Parmigiano Reggiano DOP - Our cheeses

Parmigiano Reggiano DOP

Parmigiano Reggiano DOP is undoubtedly the most consumed by Italians cheese, very famous also abroad, so much so that many foreign companies are trying unsuccessfully to imitate it. The delicate taste, at the same time pungent, and the crumbly texture make it a unique product, adapt to any palate and combination.

History and curiosities

The first evidences of Parmigiano Reggiano date back to the Middle Age, around the Thirteenth century, when monks from Emilia Romagna started to produce the first versions of this cheese in some rudimentary factories. In particular, this tradition seems to date back exactly in two Benedectine monasteries: San Giovanni in Parma and San Prospero in Reggio, as well as in other two Cistercian monasteries in San Martino form Valserena and Fontevivo, both in Parma.

These territories were not selected randomly, but they had some important requirements to produce a great cheese. First of all, the presence of many waterways in the lands in Parma and Reggio made possible to breed animals, while the excellent salt of Salsomaggiore represented a special and inexhaustible ingredient.

According to what reported by Giovanni Boccaccio in its famous Decamerone, he describes the Country of Bengodi, an imaginary land reported in the story of “Calandrino and the heliotrope”, in which he mentions “a mountain made of grated parmisan cheese, on which were people cooking macaroni and ravioli with a capon soup”.

Before the appearance of Parmigiano Reggiano, in the territory of Emilia Romagna were produced two other hard cheeses: Piacentino and Granone Lodigiano.

The artists who honored Parmigiano Reggiano are many, and it is not surprising that some of them are foreigners. For example, the writer Alexandre Dumas, who became very interested about this cheese during a journey to Italy, had the habit to serve to his guests a good dish of macaroni with tomato sauce and grated Parmigiano Reggiano.

Even the Emperor Napoleone Bonaparte was a lover of Parmigiano cheese, that probably had known thanks to his wife Maria Luigia, Duchess of Parma.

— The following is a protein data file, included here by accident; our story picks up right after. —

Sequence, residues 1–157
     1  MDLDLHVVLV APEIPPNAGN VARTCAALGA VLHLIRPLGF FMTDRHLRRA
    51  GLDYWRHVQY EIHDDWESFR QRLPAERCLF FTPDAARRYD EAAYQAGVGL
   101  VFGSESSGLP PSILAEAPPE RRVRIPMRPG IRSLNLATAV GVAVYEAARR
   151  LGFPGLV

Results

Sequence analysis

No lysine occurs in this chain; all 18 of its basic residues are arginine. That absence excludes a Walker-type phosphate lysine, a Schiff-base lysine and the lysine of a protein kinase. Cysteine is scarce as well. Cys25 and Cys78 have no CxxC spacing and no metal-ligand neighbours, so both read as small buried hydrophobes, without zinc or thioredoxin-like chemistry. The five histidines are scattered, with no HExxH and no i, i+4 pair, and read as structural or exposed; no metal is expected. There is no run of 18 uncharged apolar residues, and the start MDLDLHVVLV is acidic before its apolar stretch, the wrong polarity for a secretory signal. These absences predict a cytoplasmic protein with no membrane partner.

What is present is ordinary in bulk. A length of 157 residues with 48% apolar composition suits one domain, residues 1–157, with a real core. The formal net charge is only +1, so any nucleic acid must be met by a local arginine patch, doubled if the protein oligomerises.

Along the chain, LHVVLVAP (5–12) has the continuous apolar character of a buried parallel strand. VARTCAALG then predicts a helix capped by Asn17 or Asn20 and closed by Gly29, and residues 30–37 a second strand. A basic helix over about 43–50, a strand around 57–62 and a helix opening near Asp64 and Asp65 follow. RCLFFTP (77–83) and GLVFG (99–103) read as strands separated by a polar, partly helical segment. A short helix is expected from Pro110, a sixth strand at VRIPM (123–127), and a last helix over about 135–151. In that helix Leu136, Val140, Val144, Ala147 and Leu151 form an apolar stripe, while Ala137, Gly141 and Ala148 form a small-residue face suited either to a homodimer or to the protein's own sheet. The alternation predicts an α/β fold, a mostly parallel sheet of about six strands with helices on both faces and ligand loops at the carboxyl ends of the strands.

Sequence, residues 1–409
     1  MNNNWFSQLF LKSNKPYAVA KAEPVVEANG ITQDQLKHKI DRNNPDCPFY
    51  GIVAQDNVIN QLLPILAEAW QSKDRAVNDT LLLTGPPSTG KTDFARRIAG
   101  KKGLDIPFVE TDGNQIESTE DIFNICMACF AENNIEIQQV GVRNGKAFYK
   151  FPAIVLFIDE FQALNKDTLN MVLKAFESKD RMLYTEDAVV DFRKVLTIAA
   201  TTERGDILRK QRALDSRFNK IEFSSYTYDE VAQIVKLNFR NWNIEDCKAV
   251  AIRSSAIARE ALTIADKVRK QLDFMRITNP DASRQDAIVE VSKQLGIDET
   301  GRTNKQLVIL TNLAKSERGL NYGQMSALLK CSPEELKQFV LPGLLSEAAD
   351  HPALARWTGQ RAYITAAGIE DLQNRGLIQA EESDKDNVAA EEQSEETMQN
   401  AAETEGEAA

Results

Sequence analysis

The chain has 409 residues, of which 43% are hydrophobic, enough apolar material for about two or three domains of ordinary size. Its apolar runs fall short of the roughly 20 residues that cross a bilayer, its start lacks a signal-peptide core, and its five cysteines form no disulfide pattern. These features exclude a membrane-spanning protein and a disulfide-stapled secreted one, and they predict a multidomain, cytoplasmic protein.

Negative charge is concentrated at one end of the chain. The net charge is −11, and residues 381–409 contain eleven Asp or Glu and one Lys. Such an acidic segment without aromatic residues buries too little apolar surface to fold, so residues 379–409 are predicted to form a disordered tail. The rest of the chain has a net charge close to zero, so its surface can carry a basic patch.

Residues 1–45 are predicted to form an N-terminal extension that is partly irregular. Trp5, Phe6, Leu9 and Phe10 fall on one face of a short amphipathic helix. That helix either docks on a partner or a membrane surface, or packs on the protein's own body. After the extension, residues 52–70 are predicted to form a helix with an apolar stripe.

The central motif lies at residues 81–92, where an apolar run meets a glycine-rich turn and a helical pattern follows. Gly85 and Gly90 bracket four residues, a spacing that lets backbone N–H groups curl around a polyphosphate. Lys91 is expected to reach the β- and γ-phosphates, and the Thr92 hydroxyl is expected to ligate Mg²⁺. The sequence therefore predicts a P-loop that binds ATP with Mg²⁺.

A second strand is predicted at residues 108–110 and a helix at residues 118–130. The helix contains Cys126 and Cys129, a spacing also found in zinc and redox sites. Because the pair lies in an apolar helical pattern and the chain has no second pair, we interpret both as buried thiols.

The multi-talented artist and lover Giacomo Casanova really appreciated this cheese, so much so that, according to what is written in “Casanova’s memories”, he had the habit to donate some pieces of Parmigiano Reggiano to his lovers, saying that they often preferred cheese to a common bouquet of flowers.

Production and Regulation

The production of Parmigiano Reggiano PDO occurs following the indications imposed by the Regulation, which governs all the passages, from the raw materials to the seasoning process, so that the finished product is compliant to the Protected Designation of Origin, which it gains since 2006.

The geographical area of production is Emilia Romagna, between the Provinces of Parma, Reggio Emilia, Modena and part of Bologna, in particular the plain, hilly and mountainous areas between the Po and the Tyrrhenian rivers.

Cows from which will be obtained milk must come from the same areas and they must be fed exclusively with local fodders, severely controlled in quantity and quality. Milk, in fact, acquires different features depending on the type of feeding. For this reason, a high quality fodder will offer an excellent product.

Milk obtained from the evening and the next morning milking must not undergo any kind of treatment, but it must be delivered to the dairy. Here the first working process occurs, by the heating in copper boilers, in which the fat part of milk rises on the top, for being removed manually.

Starting from this process, we obtain semi-skimmed milk, which is added with calf rennet and a local graft, obtained from the product of the day before. It is forbidden, in fact, the use of selected starter bacteria.

After about ten minutes, milk will already completed the coagulation, thanks to which we obtain the curd. This is broken in many little granules, using a traditional tool called “spino”.

Successively, the curs is heated at a temperature not exceeding 55°C, in order to allow the precipitation of the granules on the bottom of the boiler. In this way the curd, from which cheese will be obtained, will separate from the liquid part of milk, whey, facilitating its removal.